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The central paradox of the contemporary world is the simultaneous presence of wealth on an unprecedented scale, and mass poverty. Liberal theory explains the relationship between capitalism and poverty as one based around the dichotomy of inclusion (into capitalism) vs exclusion (from capitalism). Within this discourse, the global capitalist system is portrayed as a sphere of economic dynamism and as a source of developmental opportunities for less developed countries and their populations. Development policy should, therefore, seek to integrate the poor into the global capitalist system.
The Global Development Crisis challenges this way of thinking. Through an interrogation of some of the most important political economists of the last two centuries - Friedrich List, Karl Marx, Leon Trotsky, Joseph Schumpeter, Alexander Gerschenkron, Karl Polanyi and Amartya Sen - Selwyn argues that class relations are the central cause of poverty and inequality, within and between countries. In contrast to much development thinking, which portrays ‘the poor’ as reliant upon benign assistance, this book advocates the concept of labour-centred development. Here ‘the poor’ are the global labouring classes, and their own collective actions and struggles constitute the basis of an alternative form of non-elitist, bottom-up human development.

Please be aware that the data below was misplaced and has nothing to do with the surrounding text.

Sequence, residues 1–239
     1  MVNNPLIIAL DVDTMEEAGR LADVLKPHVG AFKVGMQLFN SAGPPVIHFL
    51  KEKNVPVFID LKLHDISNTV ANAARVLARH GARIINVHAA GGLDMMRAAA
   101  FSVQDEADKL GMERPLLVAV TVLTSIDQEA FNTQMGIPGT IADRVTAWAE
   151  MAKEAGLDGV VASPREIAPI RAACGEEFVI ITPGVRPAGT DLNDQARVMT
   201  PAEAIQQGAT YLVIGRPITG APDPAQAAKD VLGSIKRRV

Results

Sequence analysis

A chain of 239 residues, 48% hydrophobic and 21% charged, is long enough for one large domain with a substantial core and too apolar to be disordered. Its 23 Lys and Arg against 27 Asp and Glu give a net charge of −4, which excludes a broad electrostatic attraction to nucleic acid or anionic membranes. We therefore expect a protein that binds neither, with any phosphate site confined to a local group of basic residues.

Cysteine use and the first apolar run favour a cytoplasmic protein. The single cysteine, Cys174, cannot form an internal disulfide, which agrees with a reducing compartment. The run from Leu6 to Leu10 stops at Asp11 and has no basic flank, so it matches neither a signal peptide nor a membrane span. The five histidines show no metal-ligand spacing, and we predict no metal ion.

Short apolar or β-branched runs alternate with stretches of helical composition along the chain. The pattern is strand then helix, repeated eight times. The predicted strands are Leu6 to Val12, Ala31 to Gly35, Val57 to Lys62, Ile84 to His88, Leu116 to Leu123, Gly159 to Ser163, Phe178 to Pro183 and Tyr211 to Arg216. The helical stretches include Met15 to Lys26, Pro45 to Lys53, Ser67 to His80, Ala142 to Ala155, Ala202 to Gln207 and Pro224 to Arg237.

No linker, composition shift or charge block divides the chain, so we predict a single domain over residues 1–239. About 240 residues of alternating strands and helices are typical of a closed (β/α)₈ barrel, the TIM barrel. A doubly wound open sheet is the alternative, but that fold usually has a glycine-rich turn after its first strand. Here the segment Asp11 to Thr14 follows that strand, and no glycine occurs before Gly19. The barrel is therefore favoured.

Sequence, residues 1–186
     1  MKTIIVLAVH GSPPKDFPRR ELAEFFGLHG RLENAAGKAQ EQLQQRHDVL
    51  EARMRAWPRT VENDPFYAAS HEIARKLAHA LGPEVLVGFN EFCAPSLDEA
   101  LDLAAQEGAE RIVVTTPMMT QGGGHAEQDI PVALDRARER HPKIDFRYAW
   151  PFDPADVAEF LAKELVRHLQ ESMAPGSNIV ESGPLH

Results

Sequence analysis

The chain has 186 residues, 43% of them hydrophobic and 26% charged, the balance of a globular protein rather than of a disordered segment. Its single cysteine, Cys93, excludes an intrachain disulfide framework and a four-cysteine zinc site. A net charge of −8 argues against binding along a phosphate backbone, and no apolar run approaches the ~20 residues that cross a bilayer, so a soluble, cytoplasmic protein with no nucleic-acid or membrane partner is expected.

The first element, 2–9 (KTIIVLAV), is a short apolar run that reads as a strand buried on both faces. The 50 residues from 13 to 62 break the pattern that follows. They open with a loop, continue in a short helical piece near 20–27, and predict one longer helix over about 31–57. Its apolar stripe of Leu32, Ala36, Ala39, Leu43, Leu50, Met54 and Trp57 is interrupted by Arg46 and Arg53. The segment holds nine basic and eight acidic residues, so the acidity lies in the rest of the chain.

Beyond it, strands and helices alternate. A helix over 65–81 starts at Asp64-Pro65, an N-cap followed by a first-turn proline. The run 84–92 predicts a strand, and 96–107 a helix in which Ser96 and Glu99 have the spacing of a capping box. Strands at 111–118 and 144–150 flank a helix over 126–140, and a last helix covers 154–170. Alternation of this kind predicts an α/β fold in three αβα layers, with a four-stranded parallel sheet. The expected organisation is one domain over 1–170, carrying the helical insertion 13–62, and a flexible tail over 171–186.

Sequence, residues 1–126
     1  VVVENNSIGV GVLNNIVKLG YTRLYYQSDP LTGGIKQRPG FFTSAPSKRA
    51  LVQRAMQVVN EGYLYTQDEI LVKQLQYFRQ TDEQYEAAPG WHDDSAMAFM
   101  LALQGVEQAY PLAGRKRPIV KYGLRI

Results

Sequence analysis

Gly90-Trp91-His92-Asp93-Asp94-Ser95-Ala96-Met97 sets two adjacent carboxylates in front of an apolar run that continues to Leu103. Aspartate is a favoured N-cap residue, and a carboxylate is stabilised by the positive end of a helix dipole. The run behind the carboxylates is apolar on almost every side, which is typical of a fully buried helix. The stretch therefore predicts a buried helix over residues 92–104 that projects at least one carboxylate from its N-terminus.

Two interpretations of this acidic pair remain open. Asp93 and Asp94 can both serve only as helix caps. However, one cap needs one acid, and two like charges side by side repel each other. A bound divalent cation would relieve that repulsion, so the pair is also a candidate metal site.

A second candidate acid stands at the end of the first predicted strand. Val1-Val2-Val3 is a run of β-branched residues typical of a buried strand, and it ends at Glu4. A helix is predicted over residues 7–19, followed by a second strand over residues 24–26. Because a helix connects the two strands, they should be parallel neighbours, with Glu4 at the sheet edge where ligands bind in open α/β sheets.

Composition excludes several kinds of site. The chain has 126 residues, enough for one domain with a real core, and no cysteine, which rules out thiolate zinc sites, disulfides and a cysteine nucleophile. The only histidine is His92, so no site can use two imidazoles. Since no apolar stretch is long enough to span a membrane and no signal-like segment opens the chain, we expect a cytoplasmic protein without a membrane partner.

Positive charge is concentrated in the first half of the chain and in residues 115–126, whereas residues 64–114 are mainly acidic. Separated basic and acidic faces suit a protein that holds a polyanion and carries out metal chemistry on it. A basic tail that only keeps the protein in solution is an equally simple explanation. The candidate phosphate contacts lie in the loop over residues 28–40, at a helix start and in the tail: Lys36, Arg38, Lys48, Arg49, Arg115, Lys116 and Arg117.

Ben Selwyn is Senior Lecturer in International Relations at the University of Sussex, and author of Workers, State and Development in Brazil: Powers of Labour, Chains of Value (2012).
Table of Contents
List of Figures and Tables Chapter 1 Ð The Global Development Crisis Chapter 2 - Friedrich List and The Foundations of Statist Political Economy Chapter 3 - Karl Marx, Class Struggle and Social Development Chapter 4 - Trotsky, Gerschenkron and The Clash Of Marxism and Statist Political Economy Chapter 5 - Creative Destruction and Global Inequality: From Marx to Schumpeter, and Back Chapter 6 - Class Struggle or Embedded Markets? Marx, Polanyi and the Meanings and Possibilities of Socialism Chapter 7 - Development Within or Against Capitalism? A Critique of Amartya Sen’s Development as Freedom Chapter 8 - Towards a Labour-Centred Development Bibliography